PAUL HOLMGREN squirmed in his chair at the dais last night - just a little, he acknowledged.
It was not as awkward as his phone call with chairman Ed Snider early morning on Oct. 7, when he woke the Flyers' owner at home to ask his permission to fire Peter Laviolette three (three!) games into the season.
"Those are never fun calls to make," Holmgren said. "Anytime you have to deal with Mr. Snider on issues of that nature, he asks tough questions. The tough questions that make you kind of wiggle around in your seat, like I'm doing now."
It was uncomfortable because an hour before he was forced to dissect the Flyers' 38th consecutive season without a Stanley Cup and, therefore, some of his shortfalls as their architect, Snider threw him a bit of a curveball.
In his own separate interview, Snider spit out what every logical observer believed for more than a year: Ron Hextall is the heir apparent to Holmgren's throne.
Hextall, 49, was rehired by the Flyers from Los Angeles last July 15 to be Holmgren's assistant. Hextall is believed to be a serious candidate for at least one, if not two, openings around the league this summer - particularly in Washington to replace George McPhee.
"He didn't come in to be assistant GM forever," Snider said of Hextall. "But that doesn't mean tomorrow. I've got to sit down with Paul. We're in the process of analyzing everybody's title. We're going to all sit down, and it's going to be up to Paul. It's really Paul's call. All I have to do is endorse it."
In other words, Snider, 81, is not willing to let a hot commodity in Hextall walk this summer if he can prevent it - even if that means another painful conversation with Holmgren.
One problem: Even if Holmgren is raised to the vacant title of team president, he wants to continue to remain the Flyers' head honcho of hockey operations.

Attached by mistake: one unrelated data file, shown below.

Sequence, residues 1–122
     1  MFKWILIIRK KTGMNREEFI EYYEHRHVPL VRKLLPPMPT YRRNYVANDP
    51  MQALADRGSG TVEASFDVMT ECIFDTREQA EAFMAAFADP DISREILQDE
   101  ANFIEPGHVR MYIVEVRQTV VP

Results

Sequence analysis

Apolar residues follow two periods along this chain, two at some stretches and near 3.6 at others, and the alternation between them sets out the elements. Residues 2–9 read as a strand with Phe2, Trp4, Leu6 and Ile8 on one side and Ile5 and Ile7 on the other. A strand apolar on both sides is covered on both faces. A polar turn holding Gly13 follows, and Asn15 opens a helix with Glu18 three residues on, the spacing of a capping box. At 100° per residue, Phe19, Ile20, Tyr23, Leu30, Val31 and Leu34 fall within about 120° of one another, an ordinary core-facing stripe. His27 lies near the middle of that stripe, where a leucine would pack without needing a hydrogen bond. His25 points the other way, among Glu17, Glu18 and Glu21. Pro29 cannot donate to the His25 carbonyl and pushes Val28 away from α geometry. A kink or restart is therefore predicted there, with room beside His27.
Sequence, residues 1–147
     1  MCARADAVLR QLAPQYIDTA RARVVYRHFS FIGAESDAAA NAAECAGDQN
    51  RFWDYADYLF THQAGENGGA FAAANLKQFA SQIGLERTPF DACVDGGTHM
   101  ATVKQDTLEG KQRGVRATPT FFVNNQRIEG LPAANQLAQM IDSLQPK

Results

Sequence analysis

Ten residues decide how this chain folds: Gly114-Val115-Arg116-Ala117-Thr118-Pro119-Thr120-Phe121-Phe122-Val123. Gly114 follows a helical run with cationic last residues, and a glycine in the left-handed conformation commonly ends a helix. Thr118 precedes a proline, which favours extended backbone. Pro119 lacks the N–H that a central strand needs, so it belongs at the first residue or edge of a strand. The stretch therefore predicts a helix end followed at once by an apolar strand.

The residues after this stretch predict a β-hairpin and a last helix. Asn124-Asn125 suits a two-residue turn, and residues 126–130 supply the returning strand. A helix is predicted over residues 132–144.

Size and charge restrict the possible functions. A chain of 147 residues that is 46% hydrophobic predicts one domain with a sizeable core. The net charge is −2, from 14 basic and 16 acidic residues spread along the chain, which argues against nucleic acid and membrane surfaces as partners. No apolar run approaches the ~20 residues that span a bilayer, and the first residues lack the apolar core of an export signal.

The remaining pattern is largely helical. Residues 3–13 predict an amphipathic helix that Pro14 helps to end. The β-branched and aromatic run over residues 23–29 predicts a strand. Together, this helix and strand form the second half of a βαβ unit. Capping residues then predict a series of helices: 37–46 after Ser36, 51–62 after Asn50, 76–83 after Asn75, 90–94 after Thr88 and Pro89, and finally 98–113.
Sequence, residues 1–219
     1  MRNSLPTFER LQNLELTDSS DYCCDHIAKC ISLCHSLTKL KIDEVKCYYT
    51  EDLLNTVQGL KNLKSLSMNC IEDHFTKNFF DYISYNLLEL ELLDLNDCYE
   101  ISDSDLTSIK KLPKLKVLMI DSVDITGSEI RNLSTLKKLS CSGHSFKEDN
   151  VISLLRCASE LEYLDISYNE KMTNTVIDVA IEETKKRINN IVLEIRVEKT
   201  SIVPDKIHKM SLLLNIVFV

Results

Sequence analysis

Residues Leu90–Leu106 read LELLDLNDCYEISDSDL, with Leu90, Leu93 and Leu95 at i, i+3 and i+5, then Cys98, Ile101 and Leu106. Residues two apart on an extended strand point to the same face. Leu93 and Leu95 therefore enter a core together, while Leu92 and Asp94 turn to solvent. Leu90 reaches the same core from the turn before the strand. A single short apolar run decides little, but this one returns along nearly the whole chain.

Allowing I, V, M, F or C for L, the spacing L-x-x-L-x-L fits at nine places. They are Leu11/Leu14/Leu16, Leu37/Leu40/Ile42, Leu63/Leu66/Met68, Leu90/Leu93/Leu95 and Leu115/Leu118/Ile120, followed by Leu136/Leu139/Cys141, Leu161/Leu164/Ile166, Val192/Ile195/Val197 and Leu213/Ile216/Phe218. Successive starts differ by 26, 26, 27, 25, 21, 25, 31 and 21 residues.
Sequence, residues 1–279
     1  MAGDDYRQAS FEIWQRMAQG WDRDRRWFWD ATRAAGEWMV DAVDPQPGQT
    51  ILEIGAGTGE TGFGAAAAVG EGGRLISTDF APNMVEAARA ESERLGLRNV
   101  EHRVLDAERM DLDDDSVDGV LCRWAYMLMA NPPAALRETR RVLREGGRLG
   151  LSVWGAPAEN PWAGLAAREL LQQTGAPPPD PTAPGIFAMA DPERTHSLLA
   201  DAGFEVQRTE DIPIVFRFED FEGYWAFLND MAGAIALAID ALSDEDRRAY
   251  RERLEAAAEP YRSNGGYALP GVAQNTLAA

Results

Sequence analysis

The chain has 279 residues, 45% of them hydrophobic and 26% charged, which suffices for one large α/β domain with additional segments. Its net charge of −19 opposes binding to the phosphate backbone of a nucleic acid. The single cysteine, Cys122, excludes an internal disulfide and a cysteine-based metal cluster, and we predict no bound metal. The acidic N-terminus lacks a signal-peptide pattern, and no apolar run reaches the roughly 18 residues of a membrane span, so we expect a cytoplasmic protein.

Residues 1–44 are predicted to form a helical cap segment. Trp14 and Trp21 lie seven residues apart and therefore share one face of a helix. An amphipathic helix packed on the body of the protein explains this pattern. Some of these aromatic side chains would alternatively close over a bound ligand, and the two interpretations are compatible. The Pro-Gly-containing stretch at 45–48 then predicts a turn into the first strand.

"I'm the one who brought 'Hexy' back," Holmgren said. "He's an excellent resource in our organization. He's a tremendous hockey man, and I have no question that he's ready to be a general manager at any point.
"We'll see where that goes, but I'm certainly not in any position where I want to change chairs."
From a distance, last night's news conference sounded like an owner and a general manager on different pages.
Holmgren, 58, was promoted his current position on Oct. 22, 2006; this was his eight season on the job. When asked by another reporter how long he might want to continue as the Flyers' shot-caller, he snapped.
"Do you think I look 70?" Holmgren asked. "I still feel pretty good. Hockey has been my life and my passion for a long time. Do I enjoy it as much? Absolutely."
Strangely, though, Holmgren was less clear as to whether he would allow Hextall to interview for an opening. Hextall is under contract for multiple years. Unlike other sports, the NHL has no rule as to whether front-office employees under contract must be permitted to interview for a job with other franchises, even if it is a promotion.
"Well, I don't have to if I don't want to," Holmgren said when asked whether he would grant permission. "If that were the case, to me, is that the right thing to do? Yeah. You can always say, 'No, I refuse to give you permission to talk to my employee.' There's no law that says I have to give it to them.
"To me, if and when that happens, somebody wants to talk to Ron Hextall about a general manager's opening, yeah. No problem."
When asked whether any team had asked for permission so far, Holmgren neither denied nor confirmed it. "That's something for the other teams to say," he said. "I'm not going to tip my hand one way or the other."
For Holmgren, dissection day only further perplexed a polarizing season. He fired Laviolette after 5 days, fans chanted "Fire Holmgren!" so loudly, so clearly during a Nov. 1 blowout to Washington that he left his general manager's suite to peel the paint off the walls in the Flyers' dressing room during the second intermission with a fiery outrage.
He hired Craig Berube based on instinct; the Flyers were two goals from the second round; and now the Capitals may want to poach his prodigy. Go figure.
"Of course, Paul will be back," Snider said. "Basically, he's the head of our hockey operations. The job that he did, I think was excellent. Not too many guys would have the guts enough to fire the coach after three games."